Midlife has a bad reputation, often paired with the word “crisis” or seen as the “over the hill” phase of our journey. As the founder of the Modern Elder Academy (the worlds’ first midlife wisdom school), Chip Conley is changing this negative narrative to one that reclaims our middle years as a time of incredible regenerative possibilities. In this podcast, Tami Simon sits down with Chip to talk about his new book, Learning to Love Midlife, and how those of us amidst this phase can activate our capacities for renewal and “let our souls lead the dance.” 

Tune in for a very honest and hope-giving podcast on: The phoenix phenomenon; the anatomy of transition; the metaphor of the chrysalis; cultivating a growth mindset; the components of high “TQ” (or transitional IQ); creating space for something new; the great midlife edit; the dark night of the ego; radically shifting how you want to live your life; vulnerability and accepting help; “dancing backwards in high heels”; developing a friendship with your body; letting go—but also welcoming in; the alchemy of curiosity and wisdom; goosebumps as a sign you’re on the right path; and more.

Note: This episode originally aired on Sounds True One, where these special episodes of Insights at the Edge are available to watch live on video and with exclusive access to Q&As with our guests. Learn more at join.soundstrue.com.

Mark Matousek: Living Like a Stoic

When things are at their worst, says celebrated author and writing mentor Mark Matousek, Stoicism is at its best. Considered the most practical of all philosophies, Stoicism is on the rise in today’s world—for reasons you’ll hear discussed in this podcast.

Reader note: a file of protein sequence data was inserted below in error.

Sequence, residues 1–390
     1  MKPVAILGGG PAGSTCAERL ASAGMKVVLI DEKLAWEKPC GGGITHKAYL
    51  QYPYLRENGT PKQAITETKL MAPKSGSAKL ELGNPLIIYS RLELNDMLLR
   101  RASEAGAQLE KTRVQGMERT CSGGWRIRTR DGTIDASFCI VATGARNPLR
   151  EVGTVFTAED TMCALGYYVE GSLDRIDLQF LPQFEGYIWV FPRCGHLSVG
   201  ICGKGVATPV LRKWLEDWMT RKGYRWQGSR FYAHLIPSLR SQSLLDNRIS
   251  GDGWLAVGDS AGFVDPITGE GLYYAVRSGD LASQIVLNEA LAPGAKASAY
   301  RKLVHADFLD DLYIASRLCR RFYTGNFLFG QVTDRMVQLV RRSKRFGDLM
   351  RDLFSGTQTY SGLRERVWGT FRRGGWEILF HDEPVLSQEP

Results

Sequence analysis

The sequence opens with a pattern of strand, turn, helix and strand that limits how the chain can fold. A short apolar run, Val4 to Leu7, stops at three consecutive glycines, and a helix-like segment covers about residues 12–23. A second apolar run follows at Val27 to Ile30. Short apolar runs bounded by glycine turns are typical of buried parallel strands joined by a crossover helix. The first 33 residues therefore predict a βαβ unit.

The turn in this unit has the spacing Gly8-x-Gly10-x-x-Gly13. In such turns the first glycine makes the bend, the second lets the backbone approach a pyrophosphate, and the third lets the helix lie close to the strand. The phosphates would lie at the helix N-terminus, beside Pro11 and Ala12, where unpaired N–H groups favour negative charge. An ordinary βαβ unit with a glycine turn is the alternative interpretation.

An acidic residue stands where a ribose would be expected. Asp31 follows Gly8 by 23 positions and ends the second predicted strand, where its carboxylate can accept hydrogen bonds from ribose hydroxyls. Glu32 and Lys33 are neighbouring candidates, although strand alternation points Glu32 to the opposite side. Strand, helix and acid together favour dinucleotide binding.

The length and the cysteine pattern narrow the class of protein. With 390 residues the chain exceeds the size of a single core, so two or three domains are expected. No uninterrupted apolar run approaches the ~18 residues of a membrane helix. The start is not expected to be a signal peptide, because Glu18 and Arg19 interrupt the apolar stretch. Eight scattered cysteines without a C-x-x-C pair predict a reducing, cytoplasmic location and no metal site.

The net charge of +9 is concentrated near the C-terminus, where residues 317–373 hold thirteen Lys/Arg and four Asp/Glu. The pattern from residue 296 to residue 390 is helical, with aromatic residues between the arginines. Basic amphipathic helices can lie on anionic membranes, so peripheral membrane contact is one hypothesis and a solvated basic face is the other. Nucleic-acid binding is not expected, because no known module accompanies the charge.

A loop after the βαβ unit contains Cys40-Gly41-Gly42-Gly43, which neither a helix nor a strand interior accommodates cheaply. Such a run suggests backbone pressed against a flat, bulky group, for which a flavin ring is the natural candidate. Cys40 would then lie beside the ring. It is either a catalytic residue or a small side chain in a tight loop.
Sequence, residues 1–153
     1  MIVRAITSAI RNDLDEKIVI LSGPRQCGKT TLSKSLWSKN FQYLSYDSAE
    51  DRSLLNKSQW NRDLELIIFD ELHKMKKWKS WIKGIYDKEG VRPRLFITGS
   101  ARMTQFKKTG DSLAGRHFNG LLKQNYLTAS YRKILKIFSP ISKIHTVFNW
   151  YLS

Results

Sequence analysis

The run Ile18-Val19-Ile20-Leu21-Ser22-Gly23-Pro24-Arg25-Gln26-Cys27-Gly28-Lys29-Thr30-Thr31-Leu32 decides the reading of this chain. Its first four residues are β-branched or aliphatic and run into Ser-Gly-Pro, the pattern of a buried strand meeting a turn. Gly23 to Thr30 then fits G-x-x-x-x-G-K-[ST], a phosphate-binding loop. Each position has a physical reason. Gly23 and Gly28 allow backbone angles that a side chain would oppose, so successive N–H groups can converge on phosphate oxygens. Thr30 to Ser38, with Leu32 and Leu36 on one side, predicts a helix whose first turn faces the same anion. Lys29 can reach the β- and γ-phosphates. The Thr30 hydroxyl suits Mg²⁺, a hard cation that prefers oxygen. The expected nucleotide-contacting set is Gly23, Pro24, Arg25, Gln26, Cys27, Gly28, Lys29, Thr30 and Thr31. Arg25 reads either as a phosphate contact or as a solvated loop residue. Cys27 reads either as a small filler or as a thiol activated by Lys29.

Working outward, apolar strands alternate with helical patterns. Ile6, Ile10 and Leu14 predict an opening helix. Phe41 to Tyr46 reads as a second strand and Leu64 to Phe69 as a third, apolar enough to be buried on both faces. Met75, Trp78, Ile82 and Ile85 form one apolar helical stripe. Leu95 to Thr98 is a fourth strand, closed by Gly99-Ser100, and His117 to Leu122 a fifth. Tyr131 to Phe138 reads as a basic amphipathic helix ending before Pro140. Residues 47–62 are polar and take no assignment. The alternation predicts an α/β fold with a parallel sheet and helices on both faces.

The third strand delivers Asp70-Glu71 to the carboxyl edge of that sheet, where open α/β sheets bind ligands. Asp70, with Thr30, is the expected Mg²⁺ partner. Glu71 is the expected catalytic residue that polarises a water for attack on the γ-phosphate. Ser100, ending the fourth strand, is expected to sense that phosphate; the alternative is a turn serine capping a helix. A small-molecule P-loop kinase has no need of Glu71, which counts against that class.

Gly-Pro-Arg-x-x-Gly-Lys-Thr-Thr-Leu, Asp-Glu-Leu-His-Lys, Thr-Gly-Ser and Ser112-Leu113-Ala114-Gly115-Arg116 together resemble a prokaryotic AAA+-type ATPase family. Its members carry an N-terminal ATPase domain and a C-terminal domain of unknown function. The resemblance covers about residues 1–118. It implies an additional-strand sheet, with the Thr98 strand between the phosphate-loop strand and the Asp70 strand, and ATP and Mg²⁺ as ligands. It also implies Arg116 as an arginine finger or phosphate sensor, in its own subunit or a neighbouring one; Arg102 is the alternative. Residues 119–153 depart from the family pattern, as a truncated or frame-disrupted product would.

Give a listen to this educational, pragmatic, and perspective-shifting conversation with Mark and Sounds True’s Tami Simon exploring control versus acceptance; using the mind in a more skillful way; humility, proportion, and appropriate action; taking responsibility for what we’re capable of; amor fati, to love life; working with your emotions; Emerson and “the exterior life”; writing prompts for letting go of the disempowering stories we tell ourselves; choosing how we hold our memories; why Stoicism is not a form of bypassing; adversity as a path to freedom; the practice of turning the obstacle upside down; shifting your angle of vision and telling the whole truth; “cosmic optimism,” Emerson’s reality-based form of hope; asking questions and finding your own way; doubt, confusion, and struggle on the spiritual path; Emerson’s view of enlightenment; and more.

Note: This episode originally aired on Sounds True One, where these special episodes of Insights at the Edge are available to watch live on video and with exclusive access to Q&As with our guests. Learn more at join.soundstrue.com.